long-awaited report on offshore wind turbine arrays and vessel radars offers some insight into potentially weird electronic effects of giant structures U.S. energy planners and wind developers foresee off the East Coast.

The paper from the National Academies of Sciences, Engineering and Medicine (available online at https://www.nap.edu/download/26430#) summarizes evidence so far out of the European offshore wind industry since the early 1990s. But it offers no definitive predictions for how it will go in U.S. waters.

The report says changes should start now to ensure vessels can operate safely around the wind turbine generators envisioned by the Bureau of Ocean Energy Management and wind developers.

“Marine vessel radars are not presently optimized to operate in a WTG (wind turbine generator) environment,” the report states up front. “Marine WTGs are very large structures, with towers on the order of several hundred meters and blade lengths exceeding 100 meters. Being heavily composed of steel, the nominal WTG structure has a large radar cross section.”

With the potential for building hundreds of turbines on the East Coast outer continental shelf, “the combination of high radar reflectivity and vast number of WTGs leads to many strong reflected signals entering the radar receiver, further complicated by other factors, such as multipath and range ambiguous returns,” the report said. “In addition, blade motion generates aspect-dependent, Doppler-spread interference. These various effects, left unresolved, combine to complicate navigation decision-making.”

Mariners can adapt to operating radars around wind turbines, especially with the latest radar equipment and appropriate training, the report says. But adjusting to the image clutter and scatter from turbines will obfuscate their view of smaller vessels amid the turbine fields — a potentially critical problem for search and rescue operations, the report said.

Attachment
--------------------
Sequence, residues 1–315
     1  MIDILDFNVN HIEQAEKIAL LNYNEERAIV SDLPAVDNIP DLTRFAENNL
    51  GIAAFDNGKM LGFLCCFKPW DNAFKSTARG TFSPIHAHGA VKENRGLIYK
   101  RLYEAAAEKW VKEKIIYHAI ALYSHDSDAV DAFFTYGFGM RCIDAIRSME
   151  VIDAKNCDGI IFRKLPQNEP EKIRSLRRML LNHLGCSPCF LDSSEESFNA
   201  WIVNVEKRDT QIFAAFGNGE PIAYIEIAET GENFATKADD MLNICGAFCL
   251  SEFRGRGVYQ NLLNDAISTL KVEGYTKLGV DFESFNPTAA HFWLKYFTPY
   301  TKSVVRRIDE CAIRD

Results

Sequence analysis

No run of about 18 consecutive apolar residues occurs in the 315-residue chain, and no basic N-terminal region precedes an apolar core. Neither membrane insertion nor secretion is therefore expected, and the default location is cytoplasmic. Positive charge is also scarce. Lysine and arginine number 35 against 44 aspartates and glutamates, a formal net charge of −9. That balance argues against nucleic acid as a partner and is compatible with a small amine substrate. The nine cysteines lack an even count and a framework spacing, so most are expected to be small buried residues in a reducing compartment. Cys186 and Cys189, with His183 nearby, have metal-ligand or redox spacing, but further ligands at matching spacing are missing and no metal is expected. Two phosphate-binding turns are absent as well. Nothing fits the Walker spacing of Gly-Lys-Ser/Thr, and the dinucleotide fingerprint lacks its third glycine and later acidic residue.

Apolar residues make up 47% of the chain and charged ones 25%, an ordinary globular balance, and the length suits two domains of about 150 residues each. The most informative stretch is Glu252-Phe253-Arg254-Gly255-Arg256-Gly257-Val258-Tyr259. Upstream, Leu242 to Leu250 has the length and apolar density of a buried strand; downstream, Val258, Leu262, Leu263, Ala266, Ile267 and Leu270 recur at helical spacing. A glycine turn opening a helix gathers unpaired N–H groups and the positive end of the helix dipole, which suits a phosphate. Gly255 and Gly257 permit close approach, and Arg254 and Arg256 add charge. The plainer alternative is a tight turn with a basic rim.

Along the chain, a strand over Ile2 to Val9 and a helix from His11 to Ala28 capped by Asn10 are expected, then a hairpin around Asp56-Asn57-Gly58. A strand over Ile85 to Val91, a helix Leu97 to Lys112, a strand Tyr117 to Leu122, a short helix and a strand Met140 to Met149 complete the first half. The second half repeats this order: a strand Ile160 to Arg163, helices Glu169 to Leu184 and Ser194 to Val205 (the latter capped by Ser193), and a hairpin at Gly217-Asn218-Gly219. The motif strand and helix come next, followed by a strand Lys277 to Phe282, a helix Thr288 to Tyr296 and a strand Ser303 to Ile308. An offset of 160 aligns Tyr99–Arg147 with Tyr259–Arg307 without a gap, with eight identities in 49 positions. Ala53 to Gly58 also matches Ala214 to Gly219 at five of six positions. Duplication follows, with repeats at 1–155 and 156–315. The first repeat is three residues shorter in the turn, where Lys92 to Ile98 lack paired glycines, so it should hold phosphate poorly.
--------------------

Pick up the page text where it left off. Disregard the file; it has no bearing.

That’s been a persistent concern heard from the New England fishing community, although the Coast Guard has said it will be able to operate around wind turbines spaced in grids 1 nautical mile apart as developers and BOEM are planning off southern Massachusetts.

In the New York Bight, some fishermen say one answer should be requiring automatic identification system transponders on turbine towers.

In waters off New Jersey — busy with traffic ranging from 1,200' container vessels, ATBs and barge tows, down to 40' gillnet fishing boats — AIS on every tower would add those turbine locations to the digital seascape in wheelhouses.

The National Academies report draws on some studies from wind turbine arrays off the United Kingdom. But the authors stress the proposed size and scale of U.S. offshore projects will involve a whole new scale of bigger turbines with much more profound radar effects.

The wind power industry is looking to taller, more powerful turbines in excess of 800' above sea level and 14-MW output. The potential extent of radar shadows cast by those turbines — obscuring radar images of smaller vessels — is concerning to the maritime community, from commercial fishermen to deep-draft vessel operators worried about spotting smaller vessels when they exit wind turbine fields close to traffic separation lanes outside major ports like the New York-New Jersey Harbor complex.

As steel structures the size of moderately high-rise New York City midtown buildings, turbines will “have significant electromagnetic reflectivity and the capacity to interfere with radar systems in their vicinity,” the report states. “Additionally, the rotating blades can return large and numerous Doppler-shifted reflections as the blades move relative to a receiving radar system.”

The report lays out detailed recommendations too for changing the design and use of vessel radars, including new training standards, evaluation and standardization of radar mountings to minimize interference, and “deployment of reference buoys adjacent to wind farms to provide mariners a reference target to appropriately adjust marine vessel radar gain and other control settings to assist in the detection of smaller targets operating in the vicinity of wind farms.”

Contributing Editor Kirk Moore was a reporter for the Asbury Park Press for over 30 years before joining WorkBoat in 2015. He wrote several award-winning stories on marine, environmental, coastal and military issues that helped drive federal and state government policy changes. He has also been an editor for WorkBoat’s sister publication, National Fisherman, for over 25 years. Moore was awarded the Online News Association 2011 Knight Award for Public Service for the “Barnegat Bay Under Stress,” 2010 series that led to the New Jersey state government’s restoration plan. He lives in West Creek, N.J.